The poems of Edward the Dyke circulated widely in feminist and lesbian communities. In 1968, three of them were printed in The Ladder, the journal of the Daughters of Bilitis (a lesbian organization that published The Ladder between 1956 and 1972), and four were printed in off our backs, the Washington, DC-based radical feminist news magazine, in the September 30, 1970 issue. The wide circulation of these poems (Grahn reflects on this phenomenon in a 2009 interview) expresses some of women’s affection for these poems at the time and in the subsequent decades as well. The poems of Edward the Dyke are poems that women wanted to read and share with one another because they express their lives, their ideas, and their beliefs. They also are poems that portray an imagined world with beauty and truth in which lesbians and feminists are at the center.

The physical existence of the object of Edward the Dyke was also meaningful to women. The Furies reproduced the line drawing from the cover of Edward the Dyke on the page with the four poems. In the article that accompanies the poems, Coletta Reid describes the experience with the physical book, emphasizing in particular its production by lesbian women. Reid writes, “The four of them [Grahn, Cadden, Crider, and Hodgins] and other lesbians in the San Francisco Bay Area . . .designed and printed the book themselves. So it’s not a normal stodgy book of poetry, but a beautiful book of beige and wine colored pages which reflect the poems.” Here Reid asserts the significance of it as an object produced by lesbians and distinguishes it from other books of poetry. She also links the physical attributes of the book, particularly the colors, as a reflection of the poems.

The four poems in The Furies are reflective of the poems in Edward the Dyke overall. “Detroit Annie, hitchhiking” (recently repopularized by the singer/songwriter Ani DiFranco) is from Grahn’s series of “Common Woman Poems”; “A History of Lesbianism” meditates on “[h]ow they lived in the world,/the women-loving-women” and tells stories of “dykes” and how “they made love to each other/the best they knew how/and for the best reasons.” The short poem, “in the place where,” was also included in The Ladder and describes lesbian love-making as the focus of the lyrical moment. “I’m not a girl” builds meaning by contrasting conventional ideas about women with powerful ones. Grahn writes,


I’m not a girl
.......I’m a hatchet
I’m not a hole
.......I’m a whole mountain.


The poem concludes, “look at me as if you had never seen a woman before/I have red, red hands and much bitterness.” In these poems, the range of Grahn’s emotional territory is evident. She moves from tenderness to anger; she balances bitterness and exuberance; she evokes histories that have been missing and simultaneously canonizes and humanizes everyday women. These complex moves appealed to women working in the Women’s Liberation Movement of the late 1960s and early 1970s. As Coletta Reid, writing about the poems in The Furies, said, “Judy Grahn’s poems are a delight to read. She is one of the few lesbian poets to celebrate the strength and survival capacity of women. No self-pity or whining here.” Reid continued, “The language is direct and simple; you don’t have to go to the dictionary to figure out the images. You can tell that a lot of time and work has gone into turning her ideas, experiences and emotions into powerful and beautiful verse.“ Reid appreciated the accessibility of Grahn’s poems and also recognized the time and quality of craft within the poems. The selection of the four Grahn poems for this issue reflect the political intentions of The Furies but also the affection for and appreciation of the poems themselves.

The second issue of The Furies featured a two-page spread of poems by Rita Mae Brown. The poems, “The New Lost Feminist: A Triptych,” “For Lydia French,” “Sappho’s Reply,” “The Bourgeois Questions,” “The Self Affirms Herself,” “Canto Cantare Cantavi Cantatum,” and “Song to a Handsome Woman,” were from Brown’s newly published book, The Hand that Cradles the Rock (NYU Press, 1971; reprinted in 1974 by Baltimore, MD-based feminist publisher, Diana Press). Rita Mae Brown was a member of The Furies collective and had been a member of the New York-based Radicalesbians collective that wrote, “The Woman-Identified Woman,” an early statement within feminism about lesbianism.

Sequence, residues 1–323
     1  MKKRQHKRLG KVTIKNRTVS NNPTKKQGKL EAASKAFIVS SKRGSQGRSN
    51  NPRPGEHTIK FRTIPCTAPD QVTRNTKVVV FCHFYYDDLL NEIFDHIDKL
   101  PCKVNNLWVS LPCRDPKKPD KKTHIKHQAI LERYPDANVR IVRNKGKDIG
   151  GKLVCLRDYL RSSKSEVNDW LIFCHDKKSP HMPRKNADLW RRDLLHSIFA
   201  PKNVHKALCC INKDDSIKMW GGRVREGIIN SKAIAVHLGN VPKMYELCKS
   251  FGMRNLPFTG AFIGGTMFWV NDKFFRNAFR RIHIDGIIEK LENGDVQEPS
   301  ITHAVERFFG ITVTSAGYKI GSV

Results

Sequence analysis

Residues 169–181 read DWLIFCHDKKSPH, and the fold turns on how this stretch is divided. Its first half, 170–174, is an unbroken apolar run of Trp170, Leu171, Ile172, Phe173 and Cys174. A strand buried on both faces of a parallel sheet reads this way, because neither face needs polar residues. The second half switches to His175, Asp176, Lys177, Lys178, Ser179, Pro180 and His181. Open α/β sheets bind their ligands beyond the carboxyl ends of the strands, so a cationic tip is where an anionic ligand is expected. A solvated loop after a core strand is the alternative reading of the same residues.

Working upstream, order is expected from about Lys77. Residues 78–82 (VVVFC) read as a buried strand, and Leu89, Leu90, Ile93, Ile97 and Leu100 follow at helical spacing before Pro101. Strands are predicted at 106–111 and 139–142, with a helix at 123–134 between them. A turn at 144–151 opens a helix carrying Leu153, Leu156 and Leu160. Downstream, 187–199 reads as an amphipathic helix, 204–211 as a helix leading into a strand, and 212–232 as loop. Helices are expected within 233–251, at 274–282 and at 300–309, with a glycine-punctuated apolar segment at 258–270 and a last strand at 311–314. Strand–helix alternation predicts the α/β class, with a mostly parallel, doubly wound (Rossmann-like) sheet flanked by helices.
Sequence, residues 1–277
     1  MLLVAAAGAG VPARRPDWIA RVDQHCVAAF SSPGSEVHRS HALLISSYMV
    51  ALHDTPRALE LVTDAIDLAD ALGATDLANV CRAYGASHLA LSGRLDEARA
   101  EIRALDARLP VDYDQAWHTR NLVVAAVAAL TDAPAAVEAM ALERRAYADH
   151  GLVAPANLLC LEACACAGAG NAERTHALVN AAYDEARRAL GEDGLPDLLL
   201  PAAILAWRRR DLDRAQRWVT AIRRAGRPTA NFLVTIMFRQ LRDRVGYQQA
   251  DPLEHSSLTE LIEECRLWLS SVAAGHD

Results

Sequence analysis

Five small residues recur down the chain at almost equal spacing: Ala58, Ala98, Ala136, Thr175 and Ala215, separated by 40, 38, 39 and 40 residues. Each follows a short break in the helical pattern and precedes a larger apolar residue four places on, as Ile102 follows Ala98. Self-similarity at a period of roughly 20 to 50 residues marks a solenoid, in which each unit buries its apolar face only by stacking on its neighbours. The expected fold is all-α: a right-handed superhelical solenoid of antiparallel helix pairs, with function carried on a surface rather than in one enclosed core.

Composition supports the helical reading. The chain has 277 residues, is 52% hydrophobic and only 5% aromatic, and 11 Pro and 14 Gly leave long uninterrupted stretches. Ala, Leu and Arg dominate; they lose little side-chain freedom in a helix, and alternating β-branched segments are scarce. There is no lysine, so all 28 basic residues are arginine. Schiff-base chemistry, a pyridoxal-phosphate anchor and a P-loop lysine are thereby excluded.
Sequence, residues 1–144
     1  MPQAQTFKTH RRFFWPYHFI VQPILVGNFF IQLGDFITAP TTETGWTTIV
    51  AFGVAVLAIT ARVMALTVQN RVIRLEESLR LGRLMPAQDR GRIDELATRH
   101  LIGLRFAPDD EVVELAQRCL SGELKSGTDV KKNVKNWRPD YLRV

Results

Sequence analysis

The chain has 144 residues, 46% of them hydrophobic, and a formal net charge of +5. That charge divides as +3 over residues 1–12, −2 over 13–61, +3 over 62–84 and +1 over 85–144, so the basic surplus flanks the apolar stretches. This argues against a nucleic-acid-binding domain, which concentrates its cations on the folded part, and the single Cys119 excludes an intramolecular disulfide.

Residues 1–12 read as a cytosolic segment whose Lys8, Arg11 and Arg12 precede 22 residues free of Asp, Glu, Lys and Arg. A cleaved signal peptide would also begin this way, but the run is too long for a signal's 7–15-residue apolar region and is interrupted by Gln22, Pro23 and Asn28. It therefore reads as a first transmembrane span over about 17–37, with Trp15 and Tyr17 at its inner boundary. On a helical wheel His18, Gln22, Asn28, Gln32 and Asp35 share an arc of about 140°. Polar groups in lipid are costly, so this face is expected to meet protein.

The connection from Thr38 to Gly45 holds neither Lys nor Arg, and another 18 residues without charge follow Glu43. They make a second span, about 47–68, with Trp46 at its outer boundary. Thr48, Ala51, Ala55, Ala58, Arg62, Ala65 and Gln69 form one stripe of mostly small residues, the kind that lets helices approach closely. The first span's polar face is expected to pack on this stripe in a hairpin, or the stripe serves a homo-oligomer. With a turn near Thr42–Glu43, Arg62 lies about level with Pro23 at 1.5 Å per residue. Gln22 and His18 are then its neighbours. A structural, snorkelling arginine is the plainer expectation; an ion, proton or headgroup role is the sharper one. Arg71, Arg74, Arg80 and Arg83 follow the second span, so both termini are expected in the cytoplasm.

Jennifer Woodhul describes Brown’s poetry as understanding “oppression in a most personal and most seriously political way. And technically it is the high innovative work of a woman who is creating her own poetic medium.” In Woodhul’s comments, the connections between the political possibilities that poetry imagines and the art and craft of poetry are evident; both political meaning and craft in poetry are significant in the poems published. Woodhul provides a close reading of all Brown’s poems, further demonstrating how poems were understood as central to making political meaning in women’s lives. For instance, “The New Lost Feminist: A Triptych” is a pictorial about feminism. The first section of the poem, in the words of Woodhul, expresses “the deep personal frustration, powerlessness and suffering of a woman. It is about the horrible mutilation that has been done by a bondage made of empty words and promises and deceit.” The center panel of the poem “gives the societal picture.” The final panel of the poem concludes with this stanza:


Women, women limping on the edges of the History of Man
Crippled for centuries and dragging the heavy emptiness
Past submission and sorrow to forgotten and unknown selves.
It’s time to break and run.


Brown characterizes a history of women’s oppression and enjoins the reader of the poem “to break and run” from this past to an imagined, yet imminent, future. These early poems, particularly with Jennifer Woodhul’s commentary, demonstrate the way that poetry was read by lesbians as reflecting their lives and shaping a new political consciousness that would crush patriarchy and create a world in which women could live free from the experiences of sexism.

In the June-July 1972 issue of The Furies, the poetry of Pat Parker was featured with a cover of her book, Child of Myself. Four poems by Parker were included, “A Moment Left Behind,” “With the sun—,” “Let me come to you naked,” and “Exodus (To my husbands, lovers).” Anne from Oakland writes, “The book is an example of women caring about women, women working together, women exchanging skills—originally printed by Alta and the Shameless Hussy Press. The book was fitted together piece by piece to make a strong, beautiful book of poems by Pat Parker.” Similar to the comments about Grahn’s book and the Women’s Press Collective, the commentary on the physical object of Parker’s poetry book reflects the political values of The Furies: the creation of things by women’s collectives added to their meaning and was integral to feminist practice.